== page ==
Whereas, here, in Panama when the parties are tossing about the criteria and host of Climate Technology Center, we should request DHL to apply for it. The service delivery is well appreciated and it has outreached to all parts of world. And the important thing is that it will not charge a flat 10% of it service like some of our home institutions (banks and other sisters of the UNFCCC). Oh, but it may not have a good understanding about what adaptation is and where as it has greatly contributed to mitigating the cause of climate change.   

Then I realize, it's of no use to use those technologies which do not have local applications and applications that are not of your use. Take the example of my iphone; the company has filed more than 200 patent applications related to the technology, which seems to be preventing the over-reach of its own technology. Actually such right should have to retain a public balance in property rights and support its promotion. As decided in Cancun in order to make the Technology Mechanism fully operational in 2012, criteria and host of the Climate Technology Center and Network (CTCN) need to be finalized here at Panamá or very soon, so that, after Durban, we can focus on activities related to implementation, and more specifically deployment and diffusion of environmentally sound technologies.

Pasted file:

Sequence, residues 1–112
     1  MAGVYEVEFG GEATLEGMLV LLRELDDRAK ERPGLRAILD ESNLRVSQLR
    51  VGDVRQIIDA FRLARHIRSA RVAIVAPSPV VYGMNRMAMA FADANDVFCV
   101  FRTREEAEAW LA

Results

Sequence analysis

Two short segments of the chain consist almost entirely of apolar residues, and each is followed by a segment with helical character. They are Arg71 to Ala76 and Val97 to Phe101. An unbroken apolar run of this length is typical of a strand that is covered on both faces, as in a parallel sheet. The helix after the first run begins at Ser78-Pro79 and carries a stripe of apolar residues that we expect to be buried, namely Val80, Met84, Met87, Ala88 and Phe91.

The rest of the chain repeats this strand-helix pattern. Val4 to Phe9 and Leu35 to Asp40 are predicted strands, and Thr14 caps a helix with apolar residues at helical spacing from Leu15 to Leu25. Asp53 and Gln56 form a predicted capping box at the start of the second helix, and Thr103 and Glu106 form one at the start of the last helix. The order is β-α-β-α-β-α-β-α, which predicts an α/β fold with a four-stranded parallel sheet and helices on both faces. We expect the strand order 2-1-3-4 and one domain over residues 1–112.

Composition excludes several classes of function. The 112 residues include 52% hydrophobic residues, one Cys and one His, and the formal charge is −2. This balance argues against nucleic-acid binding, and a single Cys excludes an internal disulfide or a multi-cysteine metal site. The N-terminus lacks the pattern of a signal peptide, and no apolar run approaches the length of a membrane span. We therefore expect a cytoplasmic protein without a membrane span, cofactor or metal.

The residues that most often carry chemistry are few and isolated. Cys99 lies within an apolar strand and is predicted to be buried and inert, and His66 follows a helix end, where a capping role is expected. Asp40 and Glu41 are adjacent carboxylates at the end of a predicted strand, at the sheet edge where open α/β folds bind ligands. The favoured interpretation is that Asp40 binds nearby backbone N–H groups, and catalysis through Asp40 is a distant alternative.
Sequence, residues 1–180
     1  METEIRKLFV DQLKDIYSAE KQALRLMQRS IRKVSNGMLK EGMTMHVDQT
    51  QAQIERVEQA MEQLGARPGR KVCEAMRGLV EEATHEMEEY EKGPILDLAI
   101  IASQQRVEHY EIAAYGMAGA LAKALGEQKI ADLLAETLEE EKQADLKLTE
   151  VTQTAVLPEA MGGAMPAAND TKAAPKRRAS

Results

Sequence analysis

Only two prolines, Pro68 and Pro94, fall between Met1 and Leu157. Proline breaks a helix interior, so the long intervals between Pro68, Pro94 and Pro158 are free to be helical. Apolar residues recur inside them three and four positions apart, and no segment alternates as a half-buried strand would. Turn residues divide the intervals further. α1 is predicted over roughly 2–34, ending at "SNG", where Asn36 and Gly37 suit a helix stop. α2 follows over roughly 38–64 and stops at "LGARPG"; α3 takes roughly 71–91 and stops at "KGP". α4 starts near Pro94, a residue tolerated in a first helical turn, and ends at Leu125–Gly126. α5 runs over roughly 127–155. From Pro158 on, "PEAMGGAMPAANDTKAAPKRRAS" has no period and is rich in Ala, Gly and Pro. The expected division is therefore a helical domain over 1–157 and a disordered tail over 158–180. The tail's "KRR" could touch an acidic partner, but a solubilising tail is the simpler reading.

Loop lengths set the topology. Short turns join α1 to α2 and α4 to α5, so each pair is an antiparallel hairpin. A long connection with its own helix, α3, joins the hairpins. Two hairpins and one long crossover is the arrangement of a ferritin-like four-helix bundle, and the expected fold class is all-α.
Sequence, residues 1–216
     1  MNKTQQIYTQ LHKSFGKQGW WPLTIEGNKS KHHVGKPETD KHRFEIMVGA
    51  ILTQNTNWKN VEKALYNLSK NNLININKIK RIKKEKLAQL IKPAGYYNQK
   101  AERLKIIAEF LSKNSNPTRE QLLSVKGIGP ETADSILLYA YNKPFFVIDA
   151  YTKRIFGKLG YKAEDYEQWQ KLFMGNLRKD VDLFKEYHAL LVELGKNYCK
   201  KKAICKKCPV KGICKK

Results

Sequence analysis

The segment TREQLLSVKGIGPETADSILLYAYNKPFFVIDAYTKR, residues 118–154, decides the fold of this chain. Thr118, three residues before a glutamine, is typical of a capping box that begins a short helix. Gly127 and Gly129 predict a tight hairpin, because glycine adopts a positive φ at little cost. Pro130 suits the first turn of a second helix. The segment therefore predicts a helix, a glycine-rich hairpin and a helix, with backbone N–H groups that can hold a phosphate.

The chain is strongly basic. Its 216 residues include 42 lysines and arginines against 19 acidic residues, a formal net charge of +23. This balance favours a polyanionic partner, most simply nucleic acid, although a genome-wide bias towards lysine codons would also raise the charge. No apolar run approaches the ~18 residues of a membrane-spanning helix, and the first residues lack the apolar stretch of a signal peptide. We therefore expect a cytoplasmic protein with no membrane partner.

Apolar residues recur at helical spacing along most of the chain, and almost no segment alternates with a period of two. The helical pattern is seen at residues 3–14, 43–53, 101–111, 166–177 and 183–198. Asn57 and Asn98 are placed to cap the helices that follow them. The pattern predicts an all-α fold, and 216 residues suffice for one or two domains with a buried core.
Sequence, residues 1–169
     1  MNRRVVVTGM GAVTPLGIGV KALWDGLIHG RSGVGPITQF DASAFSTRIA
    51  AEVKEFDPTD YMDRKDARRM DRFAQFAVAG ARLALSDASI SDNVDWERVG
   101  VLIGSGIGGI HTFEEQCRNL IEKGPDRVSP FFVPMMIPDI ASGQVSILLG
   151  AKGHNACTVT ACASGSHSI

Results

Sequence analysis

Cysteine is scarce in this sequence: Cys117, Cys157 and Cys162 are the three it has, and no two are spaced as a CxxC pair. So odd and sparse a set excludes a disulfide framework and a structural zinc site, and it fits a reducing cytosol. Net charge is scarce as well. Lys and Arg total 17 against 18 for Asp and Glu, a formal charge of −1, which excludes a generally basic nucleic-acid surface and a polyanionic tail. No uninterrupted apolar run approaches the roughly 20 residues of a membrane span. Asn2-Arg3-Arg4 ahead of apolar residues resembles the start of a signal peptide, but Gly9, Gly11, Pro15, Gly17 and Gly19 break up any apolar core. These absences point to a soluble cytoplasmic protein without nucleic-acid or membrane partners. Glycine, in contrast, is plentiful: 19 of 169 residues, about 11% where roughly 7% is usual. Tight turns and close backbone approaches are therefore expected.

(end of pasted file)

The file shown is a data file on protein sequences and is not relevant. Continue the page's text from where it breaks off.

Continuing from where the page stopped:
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Japan Takes 1st Place Fossil of the Day for KP Attack, U.S. Scores 2nd and 3rd

8 December 2010

Cancun, Mexico – Japan earned a 1st place Fossil for its continued efforts to kill the
Kyoto Protocol by preventing a second commitment period from moving forward.
The United States, fresh off its first, and 1st place, Fossil in Cancun yesterday, earned
its first 2nd and 3rd place Fossils for slowing technology transfer and developing
country adaptation support.

The Fossils as presented read:
"The United States wins the 3rd place Fossil. Congratulations US - Technology
transfer has been a core commitment since the beginning of the Convention, and
we’ve already wasted too much time discussing how to do it. A workable proposal is
finally on the table and everyone else is willing to go with it and establish the new